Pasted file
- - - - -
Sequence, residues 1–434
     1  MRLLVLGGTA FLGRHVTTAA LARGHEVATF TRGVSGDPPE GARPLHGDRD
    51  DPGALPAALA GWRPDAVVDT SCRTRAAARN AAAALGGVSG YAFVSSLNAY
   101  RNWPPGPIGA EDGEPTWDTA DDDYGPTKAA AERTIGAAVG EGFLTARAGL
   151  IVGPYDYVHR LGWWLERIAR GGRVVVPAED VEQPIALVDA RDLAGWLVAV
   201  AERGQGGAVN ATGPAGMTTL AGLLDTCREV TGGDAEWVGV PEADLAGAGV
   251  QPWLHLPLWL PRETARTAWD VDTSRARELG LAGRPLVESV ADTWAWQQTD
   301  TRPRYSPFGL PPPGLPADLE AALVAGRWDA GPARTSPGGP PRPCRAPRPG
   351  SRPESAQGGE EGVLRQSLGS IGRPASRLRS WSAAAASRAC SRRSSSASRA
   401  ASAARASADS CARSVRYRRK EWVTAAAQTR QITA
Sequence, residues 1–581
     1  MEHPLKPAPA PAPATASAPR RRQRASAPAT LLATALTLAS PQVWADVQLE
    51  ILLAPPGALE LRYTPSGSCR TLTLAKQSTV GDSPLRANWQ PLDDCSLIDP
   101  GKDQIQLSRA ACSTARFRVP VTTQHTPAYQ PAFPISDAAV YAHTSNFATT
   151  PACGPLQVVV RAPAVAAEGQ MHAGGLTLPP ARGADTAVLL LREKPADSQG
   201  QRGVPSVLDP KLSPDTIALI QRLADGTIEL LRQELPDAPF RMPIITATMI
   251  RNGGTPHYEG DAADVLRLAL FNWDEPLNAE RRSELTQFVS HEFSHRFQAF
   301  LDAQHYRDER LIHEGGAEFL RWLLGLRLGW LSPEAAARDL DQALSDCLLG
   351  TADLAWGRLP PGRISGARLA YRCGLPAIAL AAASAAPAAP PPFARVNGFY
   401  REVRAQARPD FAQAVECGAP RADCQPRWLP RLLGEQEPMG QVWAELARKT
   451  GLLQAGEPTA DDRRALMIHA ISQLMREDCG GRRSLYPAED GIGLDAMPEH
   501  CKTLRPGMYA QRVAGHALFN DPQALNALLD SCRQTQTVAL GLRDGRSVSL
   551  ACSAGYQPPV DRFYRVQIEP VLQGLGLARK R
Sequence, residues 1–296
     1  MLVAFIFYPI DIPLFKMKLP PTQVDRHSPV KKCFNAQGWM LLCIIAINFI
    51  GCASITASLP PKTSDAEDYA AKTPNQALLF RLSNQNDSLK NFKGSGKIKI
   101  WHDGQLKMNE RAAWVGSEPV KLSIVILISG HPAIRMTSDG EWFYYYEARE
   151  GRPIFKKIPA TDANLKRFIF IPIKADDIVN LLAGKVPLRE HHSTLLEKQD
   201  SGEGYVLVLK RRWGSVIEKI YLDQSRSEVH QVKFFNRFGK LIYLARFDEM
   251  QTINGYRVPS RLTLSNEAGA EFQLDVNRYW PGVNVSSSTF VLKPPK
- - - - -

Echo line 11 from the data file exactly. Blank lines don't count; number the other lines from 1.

Sequence, residues 1–581